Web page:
After reviewing your writeup with the engineer, present the content to other engineers or devrel-type roles, and ask them to review it. Basically, gather enough feedback from other people to get a sense of whether the code and your explanations are clear enough in places or still confusing. Act as a kind of mediator between the author and users. It doesn’t take a deep understanding to play this mediator role, and as long as you record the meetings where explanations are flying around, you can go back at a snails pace and listen/re-listen to the comments and convert them into a semi-intelligible writeup.
Of course, the ideal is that you would also be comprehending what’s going on in the code to a deeper extent, but this isn’t always possible in the timeframes given. Consider using the project as a starting point for deepening your understanding of a programming language or framework. Start taking a course on the programming language on Udemy, for example, and highlight the various concepts in the tutorial that you want to learn more about.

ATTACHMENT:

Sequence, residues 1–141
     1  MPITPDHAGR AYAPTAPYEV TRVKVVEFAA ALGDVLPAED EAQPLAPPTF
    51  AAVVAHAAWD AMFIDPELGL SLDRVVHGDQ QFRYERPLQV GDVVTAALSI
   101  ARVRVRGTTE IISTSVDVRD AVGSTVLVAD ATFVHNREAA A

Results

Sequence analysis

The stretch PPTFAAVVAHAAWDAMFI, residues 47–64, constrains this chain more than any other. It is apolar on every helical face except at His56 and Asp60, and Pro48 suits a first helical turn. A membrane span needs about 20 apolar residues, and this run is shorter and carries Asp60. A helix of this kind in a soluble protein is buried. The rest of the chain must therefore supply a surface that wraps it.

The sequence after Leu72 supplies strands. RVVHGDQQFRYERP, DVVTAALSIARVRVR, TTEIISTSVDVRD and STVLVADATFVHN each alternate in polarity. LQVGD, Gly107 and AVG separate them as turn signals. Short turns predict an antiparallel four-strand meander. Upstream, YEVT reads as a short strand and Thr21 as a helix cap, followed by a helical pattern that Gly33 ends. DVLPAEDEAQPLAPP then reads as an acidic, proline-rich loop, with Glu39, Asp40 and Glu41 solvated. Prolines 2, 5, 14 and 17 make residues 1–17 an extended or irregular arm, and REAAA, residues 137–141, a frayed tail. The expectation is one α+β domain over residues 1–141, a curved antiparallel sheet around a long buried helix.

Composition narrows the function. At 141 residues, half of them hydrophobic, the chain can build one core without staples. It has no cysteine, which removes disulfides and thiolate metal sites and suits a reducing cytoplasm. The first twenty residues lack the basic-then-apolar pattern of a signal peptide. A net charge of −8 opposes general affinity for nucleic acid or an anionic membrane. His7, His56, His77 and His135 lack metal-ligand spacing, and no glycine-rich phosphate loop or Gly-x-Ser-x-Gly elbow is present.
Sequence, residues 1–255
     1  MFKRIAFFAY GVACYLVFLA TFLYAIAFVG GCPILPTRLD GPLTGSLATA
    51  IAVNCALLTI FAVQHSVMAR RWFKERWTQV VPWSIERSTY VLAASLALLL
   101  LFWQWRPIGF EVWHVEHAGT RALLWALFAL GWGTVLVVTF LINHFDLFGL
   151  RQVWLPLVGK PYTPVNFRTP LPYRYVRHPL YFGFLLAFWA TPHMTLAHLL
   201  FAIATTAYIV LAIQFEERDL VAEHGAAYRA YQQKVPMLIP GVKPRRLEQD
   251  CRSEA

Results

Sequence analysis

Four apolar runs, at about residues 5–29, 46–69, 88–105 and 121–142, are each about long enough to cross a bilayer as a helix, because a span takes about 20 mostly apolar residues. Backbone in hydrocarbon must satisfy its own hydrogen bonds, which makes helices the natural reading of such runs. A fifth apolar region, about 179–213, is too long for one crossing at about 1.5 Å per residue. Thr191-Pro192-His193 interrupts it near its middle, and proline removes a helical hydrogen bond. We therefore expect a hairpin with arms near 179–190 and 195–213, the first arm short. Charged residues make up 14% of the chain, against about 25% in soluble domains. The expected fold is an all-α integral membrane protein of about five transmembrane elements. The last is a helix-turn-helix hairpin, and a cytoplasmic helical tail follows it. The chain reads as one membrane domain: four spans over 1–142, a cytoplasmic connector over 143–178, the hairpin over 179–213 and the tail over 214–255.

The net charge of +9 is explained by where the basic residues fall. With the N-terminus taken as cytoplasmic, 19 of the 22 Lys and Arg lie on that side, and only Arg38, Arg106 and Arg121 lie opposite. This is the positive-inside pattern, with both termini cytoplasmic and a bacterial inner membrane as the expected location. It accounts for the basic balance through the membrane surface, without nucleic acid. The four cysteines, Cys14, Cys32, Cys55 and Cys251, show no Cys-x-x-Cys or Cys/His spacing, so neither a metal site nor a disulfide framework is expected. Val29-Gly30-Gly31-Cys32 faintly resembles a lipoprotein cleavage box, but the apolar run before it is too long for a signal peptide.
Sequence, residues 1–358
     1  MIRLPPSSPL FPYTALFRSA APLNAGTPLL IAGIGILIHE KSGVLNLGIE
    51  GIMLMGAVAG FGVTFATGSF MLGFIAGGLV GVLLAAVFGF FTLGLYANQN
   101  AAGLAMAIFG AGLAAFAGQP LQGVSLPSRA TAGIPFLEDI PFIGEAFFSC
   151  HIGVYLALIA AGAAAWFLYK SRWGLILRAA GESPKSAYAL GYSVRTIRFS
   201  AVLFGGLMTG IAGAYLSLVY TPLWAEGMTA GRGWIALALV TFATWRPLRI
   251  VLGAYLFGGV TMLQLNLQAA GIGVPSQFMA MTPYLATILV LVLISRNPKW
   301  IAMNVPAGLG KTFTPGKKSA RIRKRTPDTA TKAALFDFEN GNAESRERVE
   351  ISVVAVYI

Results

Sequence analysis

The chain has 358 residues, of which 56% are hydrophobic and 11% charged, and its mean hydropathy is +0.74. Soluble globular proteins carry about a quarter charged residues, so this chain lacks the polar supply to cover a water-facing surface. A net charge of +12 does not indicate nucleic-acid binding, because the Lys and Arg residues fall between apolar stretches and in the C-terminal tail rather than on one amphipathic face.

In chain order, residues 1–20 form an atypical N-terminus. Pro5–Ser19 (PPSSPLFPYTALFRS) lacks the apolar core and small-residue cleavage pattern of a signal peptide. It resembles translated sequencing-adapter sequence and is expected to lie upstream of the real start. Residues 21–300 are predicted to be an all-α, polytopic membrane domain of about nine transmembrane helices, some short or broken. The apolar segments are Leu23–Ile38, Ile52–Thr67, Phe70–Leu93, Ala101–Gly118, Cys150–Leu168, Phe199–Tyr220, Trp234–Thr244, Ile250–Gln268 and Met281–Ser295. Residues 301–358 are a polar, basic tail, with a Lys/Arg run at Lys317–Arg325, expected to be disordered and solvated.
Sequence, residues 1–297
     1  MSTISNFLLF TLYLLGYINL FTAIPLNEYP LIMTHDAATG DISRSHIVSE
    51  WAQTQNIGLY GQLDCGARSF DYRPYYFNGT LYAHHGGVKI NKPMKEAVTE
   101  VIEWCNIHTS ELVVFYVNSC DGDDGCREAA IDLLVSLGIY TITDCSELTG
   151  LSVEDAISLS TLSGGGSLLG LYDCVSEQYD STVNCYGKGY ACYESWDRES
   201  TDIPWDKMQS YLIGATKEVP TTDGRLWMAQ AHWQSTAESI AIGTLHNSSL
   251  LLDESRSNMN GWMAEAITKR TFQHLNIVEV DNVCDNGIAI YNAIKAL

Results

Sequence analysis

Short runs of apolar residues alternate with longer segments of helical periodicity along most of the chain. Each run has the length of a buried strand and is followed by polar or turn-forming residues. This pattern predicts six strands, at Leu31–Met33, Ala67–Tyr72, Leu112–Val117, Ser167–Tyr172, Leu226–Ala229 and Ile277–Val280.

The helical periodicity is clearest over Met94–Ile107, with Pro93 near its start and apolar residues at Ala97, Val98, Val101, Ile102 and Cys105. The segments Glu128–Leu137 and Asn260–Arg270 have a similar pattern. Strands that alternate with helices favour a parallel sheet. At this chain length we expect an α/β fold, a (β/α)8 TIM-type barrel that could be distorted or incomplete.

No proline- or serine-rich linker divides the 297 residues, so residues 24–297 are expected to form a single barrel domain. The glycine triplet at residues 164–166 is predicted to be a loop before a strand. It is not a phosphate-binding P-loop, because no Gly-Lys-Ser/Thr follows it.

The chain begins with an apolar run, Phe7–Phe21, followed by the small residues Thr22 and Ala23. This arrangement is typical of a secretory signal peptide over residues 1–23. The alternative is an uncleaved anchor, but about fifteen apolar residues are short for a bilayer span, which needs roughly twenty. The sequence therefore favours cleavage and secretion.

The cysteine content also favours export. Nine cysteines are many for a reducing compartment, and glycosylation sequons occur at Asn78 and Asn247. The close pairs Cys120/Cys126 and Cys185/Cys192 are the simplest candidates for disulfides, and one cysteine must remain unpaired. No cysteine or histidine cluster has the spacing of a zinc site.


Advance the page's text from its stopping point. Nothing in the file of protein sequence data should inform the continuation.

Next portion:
Go on to the next topic in this series: What research tells us about documenting code.
79/160 pages complete. Only 81 more pages to go.